The column for anyone fed up with bureaucracy, frustrated with delays or furious with poor service. Tell us your complaint and we'll try to fix it...
A woman reader wrote to say she had a disaster with WhirlWind Date, a dating service, more than a week ago when she suspected two men were 'planted' by the organiser. 'I read about WhirlWindDate and logged on to their website to check it out. It seemed pretty promising as it would be a chance to meet 20 guys in one go,' she wrote.
'So I dragged my cousin in and signed up. The cost was $350 each. After we paid, a WhirlWindDate e-mail told me to get to a club by 7.45pm.
'We made it to the club just before 8pm that night; there were around 2-3 guys, 3-4 girls, the MC, the owner of WhirlWindDate and the organisers (two girls and one guy). We were asked to wait as the speed dating would start around 8.30. We then proceeded to wait for the 'latecomers' until almost 9pm. When we finally started, there were 12 girls and four guys in total. In the middle of the game, two other guys joined the event and we were told by the organisers they were late.'
Several participants immediately became suspicious. 'I suspected these two were not real participants. At the end of the event, one of the suspected impostors started chatting up all the girls and asking for e-mail addresses,' she continued.
'Wow, what a deal for him - didn't have to pay $350, but still got all the e-mail addresses! Then everybody started leaving and, sure enough, the two suspected impostors joined the organisers for a snack in one of the alley food stalls just outside the club. I saw that because my cousin and a few other girls sat nearby to eat our very late dinner. We were joined by the guy who came in at the end to get e-mail addresses. After much pressure, he admitted that some guys were impostors.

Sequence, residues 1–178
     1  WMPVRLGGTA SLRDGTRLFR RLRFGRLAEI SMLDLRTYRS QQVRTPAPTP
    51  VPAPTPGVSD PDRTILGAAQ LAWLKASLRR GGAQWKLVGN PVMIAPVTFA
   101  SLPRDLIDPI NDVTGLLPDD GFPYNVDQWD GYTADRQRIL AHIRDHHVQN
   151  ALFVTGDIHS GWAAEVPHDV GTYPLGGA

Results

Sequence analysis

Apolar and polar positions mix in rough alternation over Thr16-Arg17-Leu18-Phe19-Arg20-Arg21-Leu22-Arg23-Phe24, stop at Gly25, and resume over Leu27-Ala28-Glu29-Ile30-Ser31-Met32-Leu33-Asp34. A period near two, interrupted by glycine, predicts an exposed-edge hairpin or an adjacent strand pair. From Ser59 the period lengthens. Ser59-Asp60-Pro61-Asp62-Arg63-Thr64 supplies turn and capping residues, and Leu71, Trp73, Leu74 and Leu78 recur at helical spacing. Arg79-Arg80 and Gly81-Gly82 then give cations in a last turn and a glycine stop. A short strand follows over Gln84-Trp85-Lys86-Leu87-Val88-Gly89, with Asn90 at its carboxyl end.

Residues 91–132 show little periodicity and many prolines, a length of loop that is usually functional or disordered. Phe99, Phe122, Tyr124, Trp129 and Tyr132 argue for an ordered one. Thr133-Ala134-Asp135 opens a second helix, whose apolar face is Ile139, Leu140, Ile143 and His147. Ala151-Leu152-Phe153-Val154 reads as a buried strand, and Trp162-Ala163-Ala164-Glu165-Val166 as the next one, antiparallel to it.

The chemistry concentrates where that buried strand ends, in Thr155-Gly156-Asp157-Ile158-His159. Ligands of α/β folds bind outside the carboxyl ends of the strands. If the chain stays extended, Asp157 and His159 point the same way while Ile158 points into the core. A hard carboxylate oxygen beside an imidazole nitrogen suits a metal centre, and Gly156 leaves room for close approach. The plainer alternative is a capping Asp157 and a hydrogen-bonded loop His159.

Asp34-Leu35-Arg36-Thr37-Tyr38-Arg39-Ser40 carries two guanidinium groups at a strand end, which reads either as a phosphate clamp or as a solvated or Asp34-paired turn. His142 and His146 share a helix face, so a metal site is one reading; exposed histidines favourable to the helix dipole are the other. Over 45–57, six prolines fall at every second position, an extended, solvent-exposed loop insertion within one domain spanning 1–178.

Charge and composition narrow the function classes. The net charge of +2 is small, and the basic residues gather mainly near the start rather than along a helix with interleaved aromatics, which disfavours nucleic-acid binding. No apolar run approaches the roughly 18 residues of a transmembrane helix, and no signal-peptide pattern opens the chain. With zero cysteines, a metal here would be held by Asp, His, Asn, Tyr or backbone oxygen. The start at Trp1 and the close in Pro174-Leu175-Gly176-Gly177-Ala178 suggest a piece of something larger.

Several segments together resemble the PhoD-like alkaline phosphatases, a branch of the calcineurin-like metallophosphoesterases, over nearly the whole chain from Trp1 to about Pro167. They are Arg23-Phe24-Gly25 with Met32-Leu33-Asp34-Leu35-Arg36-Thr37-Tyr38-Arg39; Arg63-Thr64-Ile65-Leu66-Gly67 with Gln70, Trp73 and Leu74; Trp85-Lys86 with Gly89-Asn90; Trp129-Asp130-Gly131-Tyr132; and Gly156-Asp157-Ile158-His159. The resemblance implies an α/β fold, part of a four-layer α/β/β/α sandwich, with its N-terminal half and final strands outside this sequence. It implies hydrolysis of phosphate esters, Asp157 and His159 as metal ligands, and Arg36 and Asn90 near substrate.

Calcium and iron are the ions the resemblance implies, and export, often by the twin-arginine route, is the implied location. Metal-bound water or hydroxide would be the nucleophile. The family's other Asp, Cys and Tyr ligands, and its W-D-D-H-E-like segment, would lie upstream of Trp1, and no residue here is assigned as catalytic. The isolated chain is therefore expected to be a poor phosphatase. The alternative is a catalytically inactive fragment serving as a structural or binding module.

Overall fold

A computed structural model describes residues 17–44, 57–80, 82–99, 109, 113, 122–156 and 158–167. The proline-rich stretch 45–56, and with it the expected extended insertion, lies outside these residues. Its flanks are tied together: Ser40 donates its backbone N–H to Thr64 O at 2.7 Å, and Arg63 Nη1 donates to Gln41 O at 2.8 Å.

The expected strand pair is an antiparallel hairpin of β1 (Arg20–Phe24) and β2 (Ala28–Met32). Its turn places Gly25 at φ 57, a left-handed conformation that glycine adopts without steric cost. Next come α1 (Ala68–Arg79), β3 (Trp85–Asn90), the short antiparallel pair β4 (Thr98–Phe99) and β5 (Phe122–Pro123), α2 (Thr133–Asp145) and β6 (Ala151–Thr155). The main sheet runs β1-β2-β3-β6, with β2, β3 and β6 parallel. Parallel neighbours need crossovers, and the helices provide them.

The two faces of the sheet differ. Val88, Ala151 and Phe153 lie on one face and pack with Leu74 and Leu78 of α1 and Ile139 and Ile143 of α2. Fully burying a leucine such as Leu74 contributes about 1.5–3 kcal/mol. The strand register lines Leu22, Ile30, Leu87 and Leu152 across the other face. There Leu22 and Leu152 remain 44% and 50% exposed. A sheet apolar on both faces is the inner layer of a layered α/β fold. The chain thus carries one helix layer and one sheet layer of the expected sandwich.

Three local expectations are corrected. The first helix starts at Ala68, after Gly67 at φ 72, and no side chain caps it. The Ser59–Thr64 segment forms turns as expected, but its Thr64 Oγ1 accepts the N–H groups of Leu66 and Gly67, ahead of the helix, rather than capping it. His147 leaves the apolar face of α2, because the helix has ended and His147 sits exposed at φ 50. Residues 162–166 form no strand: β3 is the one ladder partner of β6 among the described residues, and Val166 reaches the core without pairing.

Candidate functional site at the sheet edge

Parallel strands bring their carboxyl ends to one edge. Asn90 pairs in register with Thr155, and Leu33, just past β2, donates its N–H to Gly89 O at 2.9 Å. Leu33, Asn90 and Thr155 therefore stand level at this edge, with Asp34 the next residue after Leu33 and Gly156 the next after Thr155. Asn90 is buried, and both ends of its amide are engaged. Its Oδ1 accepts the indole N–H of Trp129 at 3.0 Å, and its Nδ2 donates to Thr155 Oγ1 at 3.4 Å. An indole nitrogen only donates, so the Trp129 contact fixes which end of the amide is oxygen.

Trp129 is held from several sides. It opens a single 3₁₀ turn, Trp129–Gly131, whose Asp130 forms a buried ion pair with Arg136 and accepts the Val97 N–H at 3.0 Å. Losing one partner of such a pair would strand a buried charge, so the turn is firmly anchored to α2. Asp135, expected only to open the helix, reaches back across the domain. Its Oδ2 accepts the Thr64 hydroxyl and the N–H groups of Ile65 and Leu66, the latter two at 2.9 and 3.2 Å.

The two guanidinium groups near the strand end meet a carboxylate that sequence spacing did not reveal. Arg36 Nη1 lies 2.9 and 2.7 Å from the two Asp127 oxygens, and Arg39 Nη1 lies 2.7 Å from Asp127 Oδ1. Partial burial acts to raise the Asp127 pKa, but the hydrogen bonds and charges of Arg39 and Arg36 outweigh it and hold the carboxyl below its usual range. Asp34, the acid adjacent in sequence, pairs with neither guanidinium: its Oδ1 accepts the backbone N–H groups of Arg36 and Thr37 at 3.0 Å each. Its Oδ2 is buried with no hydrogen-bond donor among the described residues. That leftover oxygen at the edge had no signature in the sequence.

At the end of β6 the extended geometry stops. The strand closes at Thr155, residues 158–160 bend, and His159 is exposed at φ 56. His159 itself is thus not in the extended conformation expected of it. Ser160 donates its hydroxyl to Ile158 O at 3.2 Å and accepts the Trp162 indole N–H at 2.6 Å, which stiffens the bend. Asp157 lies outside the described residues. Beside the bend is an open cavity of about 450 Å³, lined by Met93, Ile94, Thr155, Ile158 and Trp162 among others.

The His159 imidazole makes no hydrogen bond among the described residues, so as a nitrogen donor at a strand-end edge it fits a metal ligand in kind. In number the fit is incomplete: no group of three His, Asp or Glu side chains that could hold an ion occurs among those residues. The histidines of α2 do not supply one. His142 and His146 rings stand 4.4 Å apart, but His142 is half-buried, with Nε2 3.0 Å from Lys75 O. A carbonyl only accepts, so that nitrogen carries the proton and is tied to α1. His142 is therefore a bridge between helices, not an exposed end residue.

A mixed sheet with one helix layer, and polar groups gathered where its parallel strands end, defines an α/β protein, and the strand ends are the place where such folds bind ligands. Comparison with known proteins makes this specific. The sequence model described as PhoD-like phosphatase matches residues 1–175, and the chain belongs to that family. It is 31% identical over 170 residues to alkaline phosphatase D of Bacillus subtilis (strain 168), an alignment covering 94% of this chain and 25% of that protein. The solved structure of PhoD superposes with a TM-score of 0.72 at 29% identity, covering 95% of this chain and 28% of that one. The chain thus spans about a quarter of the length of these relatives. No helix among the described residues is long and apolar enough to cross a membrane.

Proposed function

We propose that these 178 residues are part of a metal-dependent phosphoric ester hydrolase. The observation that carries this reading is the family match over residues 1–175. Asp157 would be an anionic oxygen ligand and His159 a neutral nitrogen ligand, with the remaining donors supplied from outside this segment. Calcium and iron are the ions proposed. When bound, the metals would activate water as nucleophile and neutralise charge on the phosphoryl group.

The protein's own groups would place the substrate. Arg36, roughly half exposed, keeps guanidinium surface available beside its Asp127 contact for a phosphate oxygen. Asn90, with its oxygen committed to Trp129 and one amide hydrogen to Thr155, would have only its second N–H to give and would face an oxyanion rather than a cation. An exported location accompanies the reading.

'I'm fed up and disappointed. They could have had the decency to cancel the event due to insufficient numbers or at least grouped two events together and rescheduled. Holding the event with a severe shortage of participants and then asking friends to be impostors was absolutely unacceptable.'
'We are truly sorry to receive this complaint, especially as the vast majority of the hundreds of people who have been speed dating with us since we introduced this innovative concept to Hong Kong over a year ago have expressed very high levels of satisfaction and pleasure. Many people have been brought together who would never otherwise have met.
'Whilst not accepting much of what the complainant says, we value our reputation as the region's most professional speed dating source. We have already offered two free places [to your reader] at our next event. However, if a full cash refund is preferred, then we are ready to offer this as an alternative.'
Chow Chak-hung of Causeway Bay was travelling aboard Cathay Pacific Flight CX 839 from Vancouver to Hong Kong on October 7 when a flight attendant told him his seatbelt was malfunctioning. As no other seat was available in the economy section, he was offered to be relocated to a first-class seat because air safety regulations required all seatbelts must function properly. The 72-year-old was never relocated despite the offer.
'I noticed that my safety belt did not work properly. I told a crew member at once,' he said. 'She checked but it did not help. Another crew member tried to fix it. When his efforts failed, he said according to company regulations, he had to take me before landing to a seat in first class for safety reasons. Then he left.
'To my great disappointment, nobody returned to take care of my case ... The experience was most horrible.'
Cathay Pacific acknowledged the incident but did not explain why the passenger was never taken to another seat with a proper seatbelt despite safety regulations.
'As the plane was close to descent, the cabin crew performed a mandatory routine check to ensure all passengers were seated and that their seatbelts were properly fastened,' a statement said.
'While Mr Chow's seatbelt could be fastened, it could not be pulled to fit snugly around him. He was then offered another seat with a properly-working seatbelt during the landing process. There was no turbulence recorded during the descent and landing of the concerned flight, and the safety of Mr Chow and other passengers on board was never at stake.
'It is mandatory for crew members to check if passengers have fastened their seatbelts whenever 'Seatbelt' signs are on.'